Sure it might be harder to cast initially, but those cheapo SpongeBob spin casters are made poorly, constantly tangle and will fall apart if you hook a decent fish. You will spend more time trying to fix them than actually fishing.
Start them out right with a good spinning combo, here's a link explaining why.
The Best Way to Catch Panfish
Panfish are great starter fish. To a new angler, the size of the fish doesn't matter, what matters is quantity. Kids need to catch fish after fish to keep their interest. The best way to catch panfish is with small sized baits that fit right in the fish's mouth. They match what these fish are eating.
Walt takes the girls fishing for a little family fun!
Cast it around shoreline structure like rocks, fallen trees and weed edges. Every small pond, lake or slow moving river has some panfish action near shore. Whether you are fishing from a boat or just walking around a local pond, give it a try.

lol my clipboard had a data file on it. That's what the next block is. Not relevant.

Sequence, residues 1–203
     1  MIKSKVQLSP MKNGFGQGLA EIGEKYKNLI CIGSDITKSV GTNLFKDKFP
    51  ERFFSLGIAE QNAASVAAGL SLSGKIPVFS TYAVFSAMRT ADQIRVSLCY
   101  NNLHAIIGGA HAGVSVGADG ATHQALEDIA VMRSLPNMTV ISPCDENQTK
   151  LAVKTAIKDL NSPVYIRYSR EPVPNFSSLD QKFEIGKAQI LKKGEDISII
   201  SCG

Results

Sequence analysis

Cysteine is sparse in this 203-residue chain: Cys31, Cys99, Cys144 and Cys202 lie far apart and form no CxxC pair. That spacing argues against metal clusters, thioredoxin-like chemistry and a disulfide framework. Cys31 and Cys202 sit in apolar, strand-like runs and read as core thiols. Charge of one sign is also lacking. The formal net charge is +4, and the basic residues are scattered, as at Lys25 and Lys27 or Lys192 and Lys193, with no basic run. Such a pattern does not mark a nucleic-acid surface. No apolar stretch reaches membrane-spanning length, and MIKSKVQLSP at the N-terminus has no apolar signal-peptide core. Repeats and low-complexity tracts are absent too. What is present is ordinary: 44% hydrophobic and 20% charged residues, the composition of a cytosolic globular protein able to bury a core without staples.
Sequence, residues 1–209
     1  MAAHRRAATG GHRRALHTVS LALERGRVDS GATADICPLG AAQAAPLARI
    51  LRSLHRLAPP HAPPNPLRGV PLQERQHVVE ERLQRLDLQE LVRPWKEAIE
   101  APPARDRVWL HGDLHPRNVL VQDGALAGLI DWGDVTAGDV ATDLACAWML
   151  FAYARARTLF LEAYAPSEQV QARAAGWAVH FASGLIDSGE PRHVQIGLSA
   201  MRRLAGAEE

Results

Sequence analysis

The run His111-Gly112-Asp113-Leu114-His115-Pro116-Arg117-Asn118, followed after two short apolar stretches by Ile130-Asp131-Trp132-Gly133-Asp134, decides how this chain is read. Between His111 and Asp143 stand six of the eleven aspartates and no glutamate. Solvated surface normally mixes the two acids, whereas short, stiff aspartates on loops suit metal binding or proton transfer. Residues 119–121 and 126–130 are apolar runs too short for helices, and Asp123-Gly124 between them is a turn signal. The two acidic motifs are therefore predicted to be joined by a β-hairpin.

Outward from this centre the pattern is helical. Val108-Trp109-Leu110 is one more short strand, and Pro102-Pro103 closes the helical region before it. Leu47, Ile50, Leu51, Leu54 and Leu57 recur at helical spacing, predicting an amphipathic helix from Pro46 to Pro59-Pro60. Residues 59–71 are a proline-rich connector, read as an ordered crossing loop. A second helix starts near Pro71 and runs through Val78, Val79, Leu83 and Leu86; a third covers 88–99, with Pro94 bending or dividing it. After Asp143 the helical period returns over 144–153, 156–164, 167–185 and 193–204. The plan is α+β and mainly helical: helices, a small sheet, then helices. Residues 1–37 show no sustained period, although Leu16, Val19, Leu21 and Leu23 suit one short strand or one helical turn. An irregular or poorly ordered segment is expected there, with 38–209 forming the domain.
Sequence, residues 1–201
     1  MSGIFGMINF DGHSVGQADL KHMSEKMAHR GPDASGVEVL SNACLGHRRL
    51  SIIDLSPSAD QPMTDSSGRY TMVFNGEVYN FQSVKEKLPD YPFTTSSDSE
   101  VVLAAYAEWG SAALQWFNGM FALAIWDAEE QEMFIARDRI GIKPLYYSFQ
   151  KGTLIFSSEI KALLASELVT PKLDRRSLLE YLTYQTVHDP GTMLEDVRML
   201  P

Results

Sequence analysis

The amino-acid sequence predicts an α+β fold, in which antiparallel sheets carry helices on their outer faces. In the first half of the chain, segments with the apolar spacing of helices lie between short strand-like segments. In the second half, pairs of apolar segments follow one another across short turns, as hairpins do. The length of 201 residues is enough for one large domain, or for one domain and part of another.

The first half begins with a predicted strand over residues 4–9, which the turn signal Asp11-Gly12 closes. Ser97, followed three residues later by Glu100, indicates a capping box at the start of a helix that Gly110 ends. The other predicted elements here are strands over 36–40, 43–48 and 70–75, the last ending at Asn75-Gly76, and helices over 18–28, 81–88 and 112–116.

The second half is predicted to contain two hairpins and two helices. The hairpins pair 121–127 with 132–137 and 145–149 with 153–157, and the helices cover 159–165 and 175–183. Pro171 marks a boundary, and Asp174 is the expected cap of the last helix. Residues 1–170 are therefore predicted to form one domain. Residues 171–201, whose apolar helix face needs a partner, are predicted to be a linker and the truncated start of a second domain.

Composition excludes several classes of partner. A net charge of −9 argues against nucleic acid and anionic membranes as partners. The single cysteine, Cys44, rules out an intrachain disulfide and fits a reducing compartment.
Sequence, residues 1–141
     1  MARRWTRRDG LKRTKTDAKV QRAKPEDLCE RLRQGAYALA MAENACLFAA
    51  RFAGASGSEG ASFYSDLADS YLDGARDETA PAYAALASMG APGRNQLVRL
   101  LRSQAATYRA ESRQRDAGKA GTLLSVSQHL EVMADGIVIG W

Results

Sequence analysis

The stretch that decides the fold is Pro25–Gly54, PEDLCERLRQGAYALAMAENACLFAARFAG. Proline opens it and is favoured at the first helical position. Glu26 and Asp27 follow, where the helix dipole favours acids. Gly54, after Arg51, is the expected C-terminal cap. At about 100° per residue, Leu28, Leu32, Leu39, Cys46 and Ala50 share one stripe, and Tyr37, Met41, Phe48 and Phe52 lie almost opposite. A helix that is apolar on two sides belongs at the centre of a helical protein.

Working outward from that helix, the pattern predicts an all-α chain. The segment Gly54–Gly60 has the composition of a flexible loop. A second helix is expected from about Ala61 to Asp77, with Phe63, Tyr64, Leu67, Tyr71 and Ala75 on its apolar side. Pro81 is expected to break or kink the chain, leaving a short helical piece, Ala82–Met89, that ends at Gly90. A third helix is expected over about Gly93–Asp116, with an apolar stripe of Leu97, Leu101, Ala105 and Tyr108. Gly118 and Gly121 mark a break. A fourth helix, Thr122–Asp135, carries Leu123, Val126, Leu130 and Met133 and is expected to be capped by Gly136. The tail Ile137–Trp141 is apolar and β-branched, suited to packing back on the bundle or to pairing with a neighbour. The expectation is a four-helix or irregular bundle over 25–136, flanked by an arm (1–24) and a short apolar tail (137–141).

Nothing makes a kid happier than catching a fish!
Once they become a little bit better fishermen, it's time to move up to larger species like bass or walleye. Obviously these fish are harder to catch than panfish, but if you give them a lure that is easy to use, cast and catch fish then the fun begins.
Easy-To-Fish Bass Lures
One of the easiest to use lures for bass is a pre-rigged plastic worm. The Worm, made by Custom Jigs & Spins is easy to rig and easy to fish. Just tie on a ball bearing swivel to the end of your line, pinch a split shot lead weight or two down on your line and then put the loop of the pre-rig line onto the swivel snap.
The Worm is really easy to fish, also. Simply cast it out, let it sink a little and then real it in slowly. Slow is the key.
The Worm has the right action for bass and is easy to use
When a bass hits The Worm, the fun begins! Bass put up a great fight. They will go airborne in shallow water and generally try every trick to get free so be ready!
Big Bass make big boy happy!